Fashion at Play

The third edition of the graduate fashion show celebrates brilliance through individuality.

  • The 13 talented designers who presented up to 10 runway looks each.

  • From the personal to the extravagant, the young designers mixed colors and materials, crossed gender lines, and paid tribute to icons and muses.

  • Outfits from Jana Abou Zahra’s collection, winner of the Prix du Jury.

  • Outfit from Tanya Skaff’s collection.

  • Outfit from Mikaella Nassar’s collection.

  • Outfit from Celine Dagher’s collection.

  • Outfit from Chantale Hassoun’s collection.

  • Outfit from Jihan Semrani’s collection.

At Play, graduates of the 2019 LAU Fashion Design Program affirmed its steady ascent to becoming a reference in design education in Lebanon and the region. This year, the third annual fashion show attested to the myriad of talents among its graduates, and to the power of collaboration with ELIE SAAB and London College of Fashion (LCF).

Hosted by the School of Architecture and Design at the restored silk factory, La Magnanerie, on June 20, the event drew in fashion designers, reporters, influencers, alumni of the program, as well as university leadership, faculty and staff. LAU President Joseph G. Jabbra opened with a reflection on how the collaboration behind the program came to be, while offering a word of encouragement to the graduates.

Dean Elie Haddad added that the school aims to instill in its students “the confidence to believe in themselves alongside equipping them with the skills to explore new ideas, having earned a solid, theoretical foundation.” Recognizing the collective efforts of the school’s faculty and staff, coupled with its two partners, he declared that the program “has taken a major leap in a short period of time, in a highly competitive market.”

World-renowned designer and Honorary Chair of the program Elie Saab underlined his faith in young Lebanese designers. Commenting on the program, Saab expressed his pride in how “this experiment has matured,” and how “the students’ sense of responsibility and search for their creative personas have become ever more pronounced.”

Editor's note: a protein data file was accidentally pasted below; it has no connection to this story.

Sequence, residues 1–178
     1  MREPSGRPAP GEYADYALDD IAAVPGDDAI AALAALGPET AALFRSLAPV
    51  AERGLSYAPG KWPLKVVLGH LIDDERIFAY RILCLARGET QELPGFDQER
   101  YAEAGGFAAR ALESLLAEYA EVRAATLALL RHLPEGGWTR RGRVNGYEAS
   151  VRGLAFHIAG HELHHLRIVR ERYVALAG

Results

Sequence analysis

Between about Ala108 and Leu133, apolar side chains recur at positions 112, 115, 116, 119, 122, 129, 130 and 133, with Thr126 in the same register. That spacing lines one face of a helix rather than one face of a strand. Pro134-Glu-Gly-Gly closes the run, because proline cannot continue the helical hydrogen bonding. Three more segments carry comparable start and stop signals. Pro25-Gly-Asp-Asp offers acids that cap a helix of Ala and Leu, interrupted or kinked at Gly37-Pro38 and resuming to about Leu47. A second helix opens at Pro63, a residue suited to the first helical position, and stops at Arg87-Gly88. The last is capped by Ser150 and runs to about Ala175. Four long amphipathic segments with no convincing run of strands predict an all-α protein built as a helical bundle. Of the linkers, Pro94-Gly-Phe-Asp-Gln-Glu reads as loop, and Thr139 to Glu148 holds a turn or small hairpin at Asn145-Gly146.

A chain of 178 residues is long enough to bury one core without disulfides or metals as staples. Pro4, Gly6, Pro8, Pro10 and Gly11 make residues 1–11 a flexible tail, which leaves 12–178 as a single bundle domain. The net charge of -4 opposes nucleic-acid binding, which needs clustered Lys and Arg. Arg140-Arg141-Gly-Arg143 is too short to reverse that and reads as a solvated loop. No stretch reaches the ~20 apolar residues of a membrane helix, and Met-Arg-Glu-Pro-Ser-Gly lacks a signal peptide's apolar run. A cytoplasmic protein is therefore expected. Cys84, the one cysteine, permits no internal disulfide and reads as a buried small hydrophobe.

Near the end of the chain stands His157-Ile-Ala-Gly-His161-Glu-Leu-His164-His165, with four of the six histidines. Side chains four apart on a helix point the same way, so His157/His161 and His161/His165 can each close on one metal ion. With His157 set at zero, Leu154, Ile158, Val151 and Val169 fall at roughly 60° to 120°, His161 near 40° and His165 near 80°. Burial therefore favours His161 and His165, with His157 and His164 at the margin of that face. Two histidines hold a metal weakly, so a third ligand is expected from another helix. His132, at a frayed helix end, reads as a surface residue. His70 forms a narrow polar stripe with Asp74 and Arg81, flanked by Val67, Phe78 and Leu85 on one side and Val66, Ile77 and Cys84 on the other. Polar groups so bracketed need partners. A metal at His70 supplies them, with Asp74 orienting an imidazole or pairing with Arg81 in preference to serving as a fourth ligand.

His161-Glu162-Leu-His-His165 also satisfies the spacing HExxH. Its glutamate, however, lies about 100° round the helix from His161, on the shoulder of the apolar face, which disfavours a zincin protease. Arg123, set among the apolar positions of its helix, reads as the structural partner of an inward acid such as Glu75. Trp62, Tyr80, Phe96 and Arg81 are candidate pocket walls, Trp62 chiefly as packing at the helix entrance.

This was tangibly evident in the work of the 13 graduates, who presented up to 10 runway looks each. From the personal to the extravagant, these young designers mixed colors and materials, crossed gender lines, paid tribute to icons and muses and created entire outfits – including accessories, shoes and bags – from scratch.

“A year in the making,” as Chair of the Department of Art and Design Randa Abdel Baki noted, the show is a culmination of the students’ own efforts, including “versatile research, building a concept, planning and executing photoshoots, and building their very own brand.” She explained how the “entrepreneurial end of the job is learned hands on,” and how it helps students grasp a full picture of what their future careers will entail.

Winner of the Concept and Portfolio Award Jihane Semrani detailed the process through which she developed her line, O’stora. Inspired by the formation of pearls, which are essentially “displaced entities that form from grains of sand,” Semrani drew a connection between them and Lebanese immigrants, who transform themselves and go on to shine internationally. In her collection, she used iridescent fabrics and pleats to illustrate pearls and the shells that hold them, hinting at shimmering success.

Two other graduates were recognized for their work. Therese Raffoul won the Excellence and Craftsmanship Award for Perversions of Quiet Girls, where she explored what oppressed women throughout the history of the region would have looked like in our world today, had their voices not been silenced. Another graduate, Jana Abou Zahra won the Prix du Jury for Depersonalized, which depicts the journey of falling out of touch with reality.

Providing background on the theme, Program Coordinator Jason Steel pointed out how difficult it is for designers to build their individual creations without copying others. “Play comes when you reflect inwards and experiment with untapped ideas,” and that is precisely what students had to do. Ultimately, he said, “they really defined what fashion practice could be.”

Indeed, Abdel Baki shared LAU’s adamance to grow the program further. “We have international speakers come in every semester, as well as jury members from LCF,” she explained, adding that alongside local and international influences, students gain invaluable feedback and encouragement. Next year, the program will introduce an International Studio – a 3-credit course – designed to expand students’ exposure to global trends, and which will help them gain international experience.